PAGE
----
East End hardman Lenny McLean was a notorious brawler and friend of gangsters – and he went on to became a cult figure in Britain and bagged roles in television series and films
Image: Peter Brooker/REX/Shutterstock)
Lenny McLean earned a reputation as “Britain’s hardest man” – and for good reason.
The 20-stone tough nut had thousands of unlicensed boxing fights in his life and befriended the fearsome Kray twins.
There was even a film, aptly named The Guv’nor, made about Lenny’s life seen through the eyes of his son Jamie.
But who was the hard man from Hoxton who became a notorious brawler?
Lenny grew up in the London neighborhood in the 1950s when it was one of the most deprived areas of the city.
His father died when Lenny was young and an abusive stepfather took his place.
Aware of what was happening, Lenny’s great-uncle stepped in and threatened to kill his legal guardian for the abuse he was giving out.
HMP Jail Banter /Youtube)
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It was at this point that Lenny realized the power of brute force.
Eventually, he fell into a life of crime when rubbing shoulders with London’s criminal underworld.
Lenny became a nightclub enforcer and was feared around the city.
It was during this time that he reportedly met and befriended the Kray twins.
At the time Ronnie and Reggie Kray were fearsome gangsters well known for their role in organized crime in London.
Lenny couldn’t escape the law forever and as a teenager he was caught and arrested for petty crimes, serving 18 months inside.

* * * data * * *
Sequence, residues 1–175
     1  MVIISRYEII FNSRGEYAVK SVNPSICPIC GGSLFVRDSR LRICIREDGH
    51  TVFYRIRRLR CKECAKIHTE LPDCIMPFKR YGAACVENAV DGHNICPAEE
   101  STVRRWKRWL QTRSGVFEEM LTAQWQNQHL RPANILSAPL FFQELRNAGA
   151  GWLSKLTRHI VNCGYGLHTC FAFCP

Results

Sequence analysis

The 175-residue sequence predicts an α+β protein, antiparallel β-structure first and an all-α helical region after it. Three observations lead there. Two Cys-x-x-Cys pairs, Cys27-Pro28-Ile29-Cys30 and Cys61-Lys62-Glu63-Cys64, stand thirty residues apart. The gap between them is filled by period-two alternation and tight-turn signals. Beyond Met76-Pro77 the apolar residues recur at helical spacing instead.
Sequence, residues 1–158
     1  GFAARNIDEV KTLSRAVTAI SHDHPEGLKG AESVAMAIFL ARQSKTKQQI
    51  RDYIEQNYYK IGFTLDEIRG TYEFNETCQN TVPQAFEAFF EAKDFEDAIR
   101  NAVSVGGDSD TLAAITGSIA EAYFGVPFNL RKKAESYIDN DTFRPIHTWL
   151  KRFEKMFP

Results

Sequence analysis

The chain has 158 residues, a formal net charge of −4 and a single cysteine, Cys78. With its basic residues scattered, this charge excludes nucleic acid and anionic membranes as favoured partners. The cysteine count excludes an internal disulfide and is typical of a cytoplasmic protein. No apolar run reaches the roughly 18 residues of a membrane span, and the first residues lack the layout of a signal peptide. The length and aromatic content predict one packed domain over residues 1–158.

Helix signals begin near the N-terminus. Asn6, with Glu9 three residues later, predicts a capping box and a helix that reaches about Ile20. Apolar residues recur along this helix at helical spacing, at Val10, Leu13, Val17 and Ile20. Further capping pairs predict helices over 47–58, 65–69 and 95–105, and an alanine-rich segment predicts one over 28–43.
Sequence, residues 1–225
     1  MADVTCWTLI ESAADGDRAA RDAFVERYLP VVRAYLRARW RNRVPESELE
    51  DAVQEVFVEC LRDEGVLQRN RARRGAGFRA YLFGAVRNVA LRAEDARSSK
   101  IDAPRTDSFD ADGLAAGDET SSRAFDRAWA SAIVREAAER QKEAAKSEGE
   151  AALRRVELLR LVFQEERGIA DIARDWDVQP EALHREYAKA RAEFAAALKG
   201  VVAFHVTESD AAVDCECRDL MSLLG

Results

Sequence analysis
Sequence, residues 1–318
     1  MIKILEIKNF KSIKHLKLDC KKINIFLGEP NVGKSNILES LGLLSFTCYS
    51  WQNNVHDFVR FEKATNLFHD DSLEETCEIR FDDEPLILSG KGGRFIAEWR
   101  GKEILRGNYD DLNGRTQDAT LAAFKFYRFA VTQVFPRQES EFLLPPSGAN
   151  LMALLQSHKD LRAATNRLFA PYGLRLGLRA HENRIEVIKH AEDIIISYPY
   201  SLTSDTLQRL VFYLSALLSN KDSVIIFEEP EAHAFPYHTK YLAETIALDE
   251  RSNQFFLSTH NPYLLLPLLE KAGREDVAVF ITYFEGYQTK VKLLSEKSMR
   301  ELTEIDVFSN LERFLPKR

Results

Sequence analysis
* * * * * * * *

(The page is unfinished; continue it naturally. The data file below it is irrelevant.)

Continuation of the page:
Lenny McLean – The Guvnor /Youtube)
After his release he lost his first legitimate job after being sacked for beating up his boss on a construction site.
This was how Lenny eventually got into bare-knuckle fighting which became his career and how he became known around the country.
He couldn’t become a licensed boxer due to his violent past and criminal record.
But when Frank Warren’s National Boxing Council formed in 1970 it offered underground fighters in Britain the chance to step foot inside the rink.
Lenny excelled in it and at one stage was said to weigh 20 stone and went on to win more than 3,000 fights.
There is even a story that says Lenny called out some of the hardest boxers in the world at the time including the great Muhammad Ali, but nothing ever came of it.
THE GUVNOR: With True Crime Writer Lee Wortley/Youtube)
Kelly, Lenny’s daughter, wrote a book about her father titled: My dad; The Guv’ner.
In it she recalls her volatile relationship with her dad and says doctors believe he likely suffered from bipolar disorder.
she told The Mirror in 2018: “There were times I hated him and I looked at him like he was a bully.
“It got to the stage where I couldn’t even laugh at his jokes.
“We did live in fear of him, but I didn’t understand he had this condition.
“I wish he was here now so I could get him some help. I don’t think I enjoyed life.
“He always looked like he had the world on his shoulders.”
Kelly added that when Lenny won fights he would come home with the prize money and throw it all into the air as if it were confetti.
During his lifetime Lenny became a cult-like figure and received invitations to get involved in acting.
He was also asked to be the ‘fixer’, or bodyguard, of the cast of EastEnders.
Lenny eventually fell into acting after being asked to “mind” the cast of EastEnders.
He starred in Guy Ritchie’s 1998 crime thriller Lock, Stock and Two Smoking Barrels, cementing his status as a legendary figure.
It was during the filming of Lock, Stock and Two Smoking Barrels that Lenny fell ill in what was later diagnosed as lung cancer.
He died shortly afterwards on July 28, 1998, a month before the film’s release.
George Holan is chief editor at Plainsmen Post and has articles published in many notable publications in the last decade.